The story going into this morning’s Bureau of Labor Statistics September report was about our two major mainland-affecting hurricanes, Irma and Harvey, and what their consequence would be. The numbers turned out worse, in some ways, than expected – instead of the consensus prediction of 90,000 net new nonfarm positions, we had a loss of 33,000 – but otherwise, headed by the seasonally adjusted unemployment rate which instead of breaking even as projected improved from 4.4% to 4.2%, they got better. September seemed to be a good month, with unadjusted joblessness off from 4.5% to 4.1%, average private nonfarm wages up 12 cents per hour to $26.55, the count of those working part-time for economic reasons or keeping shorter-hours positions while unsuccessfully looking for full-time ones down 200,000 to 5.1 million, and the two measures of how common it is for Americans to actually be working, the labor force participation rate and the employment-population ratio, up 0.2% and 0.3% to 63.1% and 60.4% respectively. The number of long-term jobless, however, did not improve, holding at 1.7 million.
The categories of marginal attachment mostly bettered as well. The number of those wanting work but neither officially unemployed nor looking over the previous year dropped over 300,000 to reach 3.3 million, while that of those claiming to be discouraged and those wishing for employment but momentarily not available for it fell as well. The counts of those purporting no interest in employment and people wanting work but currently in school or training were exceptions. Overall, the American Job Shortage Number or AJSN, the monthly measure of latent demand for jobs across 11 different employment categories, fell 940,000 to reach its lowest outcome since April, as follows:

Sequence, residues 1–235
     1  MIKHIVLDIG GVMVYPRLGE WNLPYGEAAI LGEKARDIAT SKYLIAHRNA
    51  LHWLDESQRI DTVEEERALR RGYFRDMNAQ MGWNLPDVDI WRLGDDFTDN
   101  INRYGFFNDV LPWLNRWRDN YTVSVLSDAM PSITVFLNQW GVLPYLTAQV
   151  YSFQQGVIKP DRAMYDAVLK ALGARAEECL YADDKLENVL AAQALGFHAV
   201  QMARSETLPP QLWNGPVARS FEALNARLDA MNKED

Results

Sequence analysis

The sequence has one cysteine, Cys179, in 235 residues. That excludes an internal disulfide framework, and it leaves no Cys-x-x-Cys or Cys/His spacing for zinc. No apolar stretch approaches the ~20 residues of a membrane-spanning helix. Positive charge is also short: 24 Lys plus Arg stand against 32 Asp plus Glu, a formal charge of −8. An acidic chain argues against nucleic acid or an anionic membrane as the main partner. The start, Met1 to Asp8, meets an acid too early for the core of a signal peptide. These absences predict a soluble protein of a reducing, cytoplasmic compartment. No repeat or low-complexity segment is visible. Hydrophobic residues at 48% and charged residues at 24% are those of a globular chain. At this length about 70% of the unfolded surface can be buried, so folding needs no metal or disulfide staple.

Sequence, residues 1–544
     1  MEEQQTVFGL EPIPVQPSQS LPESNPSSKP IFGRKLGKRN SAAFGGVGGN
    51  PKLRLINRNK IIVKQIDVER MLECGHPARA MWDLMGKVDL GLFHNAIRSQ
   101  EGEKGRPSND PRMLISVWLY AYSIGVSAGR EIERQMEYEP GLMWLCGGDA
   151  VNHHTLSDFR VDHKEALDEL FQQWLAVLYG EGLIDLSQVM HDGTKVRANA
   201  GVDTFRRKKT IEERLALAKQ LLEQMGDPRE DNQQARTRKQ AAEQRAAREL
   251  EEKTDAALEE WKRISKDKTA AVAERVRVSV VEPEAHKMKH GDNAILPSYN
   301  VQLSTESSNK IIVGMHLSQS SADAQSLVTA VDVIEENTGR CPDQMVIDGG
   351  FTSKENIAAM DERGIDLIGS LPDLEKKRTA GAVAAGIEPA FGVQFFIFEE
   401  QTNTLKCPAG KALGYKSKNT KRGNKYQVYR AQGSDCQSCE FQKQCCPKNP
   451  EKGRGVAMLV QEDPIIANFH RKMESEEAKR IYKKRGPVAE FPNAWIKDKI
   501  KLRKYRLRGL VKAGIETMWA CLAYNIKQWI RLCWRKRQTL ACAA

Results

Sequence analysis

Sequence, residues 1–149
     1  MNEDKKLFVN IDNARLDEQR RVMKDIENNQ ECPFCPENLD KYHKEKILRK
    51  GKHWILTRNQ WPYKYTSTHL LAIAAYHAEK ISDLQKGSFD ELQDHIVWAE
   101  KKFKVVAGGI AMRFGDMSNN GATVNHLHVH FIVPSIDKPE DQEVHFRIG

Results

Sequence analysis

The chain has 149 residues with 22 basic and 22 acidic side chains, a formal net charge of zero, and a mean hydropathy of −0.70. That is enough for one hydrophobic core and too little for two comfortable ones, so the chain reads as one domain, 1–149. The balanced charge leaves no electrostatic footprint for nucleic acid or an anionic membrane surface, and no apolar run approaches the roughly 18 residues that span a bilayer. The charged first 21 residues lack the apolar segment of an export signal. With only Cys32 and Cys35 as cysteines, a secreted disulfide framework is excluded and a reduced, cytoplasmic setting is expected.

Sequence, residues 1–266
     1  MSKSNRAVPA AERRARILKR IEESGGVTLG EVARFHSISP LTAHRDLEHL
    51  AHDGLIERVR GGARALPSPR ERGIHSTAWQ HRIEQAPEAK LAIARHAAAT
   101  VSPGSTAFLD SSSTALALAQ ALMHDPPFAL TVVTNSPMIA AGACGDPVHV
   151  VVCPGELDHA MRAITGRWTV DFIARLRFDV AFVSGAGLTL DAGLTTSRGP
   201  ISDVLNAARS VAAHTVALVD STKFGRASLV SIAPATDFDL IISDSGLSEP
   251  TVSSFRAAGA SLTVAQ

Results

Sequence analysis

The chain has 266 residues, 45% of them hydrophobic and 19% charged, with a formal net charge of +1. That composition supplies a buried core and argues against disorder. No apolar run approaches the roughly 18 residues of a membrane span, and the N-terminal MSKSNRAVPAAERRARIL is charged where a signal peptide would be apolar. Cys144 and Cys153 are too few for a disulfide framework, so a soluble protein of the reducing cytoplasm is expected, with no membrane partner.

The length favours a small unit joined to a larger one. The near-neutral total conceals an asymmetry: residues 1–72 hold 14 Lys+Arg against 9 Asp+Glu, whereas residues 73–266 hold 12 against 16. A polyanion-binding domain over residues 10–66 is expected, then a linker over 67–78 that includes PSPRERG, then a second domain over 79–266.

Since the AJSN is not seasonally adjusted, we expected some decrease between relatively jobs-poor August and jobs-rich September, but the drop was more than that. That was also shown in the difference between last month and a year before, also over 900,000 and almost all due to the almost exactly one million cut in the number of officially unemployed. Note that according to the BLS, “persons with a job are counted as employed even if they miss work for the entire survey reference week… regardless of whether or not they are paid.” Although that 7-day-period started the day Irma reached the Florida coast, this BLS rule, unless people knew their jobs were gone with the storm, canceled out most of its September statistical effect.
It is peculiar indeed that employment data for a month with so few work opportunities added should look so good, not only in spots but otherwise across the board. Overall, it is now best to judge September’s data as showing potential but not yet solid improvements. If its gains hold, and October’s new positions reach at least 300,000, we can take credit for an unexpectedly fine month. If not, we will need to average these two together to see just how well we are doing. So, although I couldn’t clearly see the turtle through the wind and rain, I think I saw another step forward.